In a statement to VICE News, Rogers spokesperson Aaron Lazarus said the company understood that "the Cleveland name and logo is a concern for a number of Canadians."

"The playoff series between the Jays and Cleveland is also significantly important to millions of passionate baseball fans across Canada," he said. "Punishing these fans by blocking the broadcast of the games doesn't seem like the right solution and it would be virtually impossible to broadcast the games without seeing the Cleveland team name and logo on the field, in the stands and in the stadium."

Cardinal's legal bid was the latest in a number of public protests to Cleveland's name and logo. Last week, Blue Jays radio broadcaster Jerry Horwath revealed that he has refused to use the name since a First Nations person wrote to him saying that it was deeply offensive 20 years ago.

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Disappointing but far from over. The name will change. They will all change. — Jesse Wente (@jessewente)October 17, 2016

Kent Thompson, a lawyer for Rogers Communications, said at the hearing that the injunction would have a "devastating impact" on Toronto businesses, including sports bars and restaurants, since the only way to enforce the ban on the logo and name would be not to broadcast the games at all, and would have "punished millions and millions of Blue Jays fans, innocent victims." Thompson said Rogers would have to strip search Cleveland fans in that city and in Toronto for any Cleveland merchandise, to ensure the logo wasn't caught on camera.

"What if a Rogers sportscaster used the name inadvertently, because they had been using it for years and years?" he said, adding that the person could then face a contempt action. "It's not fair."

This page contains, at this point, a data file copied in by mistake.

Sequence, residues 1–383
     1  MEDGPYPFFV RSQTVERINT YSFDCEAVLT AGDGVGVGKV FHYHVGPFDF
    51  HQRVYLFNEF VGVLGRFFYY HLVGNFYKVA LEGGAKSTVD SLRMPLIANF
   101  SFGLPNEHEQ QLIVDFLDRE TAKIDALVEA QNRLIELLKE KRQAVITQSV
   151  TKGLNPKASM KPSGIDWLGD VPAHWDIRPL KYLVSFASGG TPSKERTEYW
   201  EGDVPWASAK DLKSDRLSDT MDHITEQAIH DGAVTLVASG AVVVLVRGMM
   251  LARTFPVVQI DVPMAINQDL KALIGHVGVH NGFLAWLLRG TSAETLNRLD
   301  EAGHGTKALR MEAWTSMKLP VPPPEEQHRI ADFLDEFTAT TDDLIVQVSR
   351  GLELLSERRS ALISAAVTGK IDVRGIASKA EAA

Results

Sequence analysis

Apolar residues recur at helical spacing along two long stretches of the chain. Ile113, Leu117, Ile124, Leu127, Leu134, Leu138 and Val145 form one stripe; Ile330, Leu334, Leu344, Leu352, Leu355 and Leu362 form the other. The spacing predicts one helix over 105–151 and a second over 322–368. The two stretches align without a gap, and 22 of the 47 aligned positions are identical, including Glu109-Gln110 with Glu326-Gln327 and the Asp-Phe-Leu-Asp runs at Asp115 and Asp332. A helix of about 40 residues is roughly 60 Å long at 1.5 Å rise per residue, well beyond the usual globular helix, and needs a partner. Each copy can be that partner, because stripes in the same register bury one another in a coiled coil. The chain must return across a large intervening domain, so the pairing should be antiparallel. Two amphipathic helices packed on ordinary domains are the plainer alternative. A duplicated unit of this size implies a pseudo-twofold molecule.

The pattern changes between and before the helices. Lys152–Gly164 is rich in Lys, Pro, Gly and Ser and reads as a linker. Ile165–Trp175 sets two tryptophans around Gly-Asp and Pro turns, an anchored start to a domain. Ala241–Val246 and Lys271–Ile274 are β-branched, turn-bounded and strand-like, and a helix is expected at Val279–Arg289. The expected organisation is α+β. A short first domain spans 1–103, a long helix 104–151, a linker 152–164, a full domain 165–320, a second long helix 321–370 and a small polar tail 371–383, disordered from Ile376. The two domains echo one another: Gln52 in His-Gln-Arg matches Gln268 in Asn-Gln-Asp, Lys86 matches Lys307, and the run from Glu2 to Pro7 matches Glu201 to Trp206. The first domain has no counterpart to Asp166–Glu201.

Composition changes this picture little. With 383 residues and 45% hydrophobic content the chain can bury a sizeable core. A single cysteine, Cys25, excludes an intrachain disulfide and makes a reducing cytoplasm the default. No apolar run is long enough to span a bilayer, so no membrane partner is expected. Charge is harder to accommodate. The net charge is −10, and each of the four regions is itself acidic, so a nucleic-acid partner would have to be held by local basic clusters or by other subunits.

Rogers can't control the actions of fans or broadcasters, and they wouldn't be able to avoid showing images of fans wearing or carrying merchandise or the field in Cleveland, which has the logo on it, Thompson continued.

Markus Koehnen, lawyer for Major League Baseball, pointed to instances in which Cardinal had used the word "Indian" to describe himself in news articles.

When the judge interjected to suggest there were differences in the context, Koehnen said, "The word 'Indian' itself, there's nothing derogatory about that word," comparing it to the Vancouver Canucks and the Montreal Canadiens.

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"It speaks to a heritage of a country," Koehnen said, also noting that the name and logo were registered trademarks in Canada, protected under freedom of speech.

Jonathan Lisus, lawyer for the Cleveland Indians, argued that a ban would've forced the team to find new jerseys — there are only two that are sanctioned by the MLB style guide, and one player doesn't have the spring training uniform since he's new to the team — and called the attempt a "gotcha injunction," delivered late on a Friday.

"You are being asked to censor constitutionally-protected activity," Lisus said in Monday's hearing. "What we are here today about is controversial speech.

*Story updated 7 PM, October 17.

Follow Tamara Khandaker on Twitter.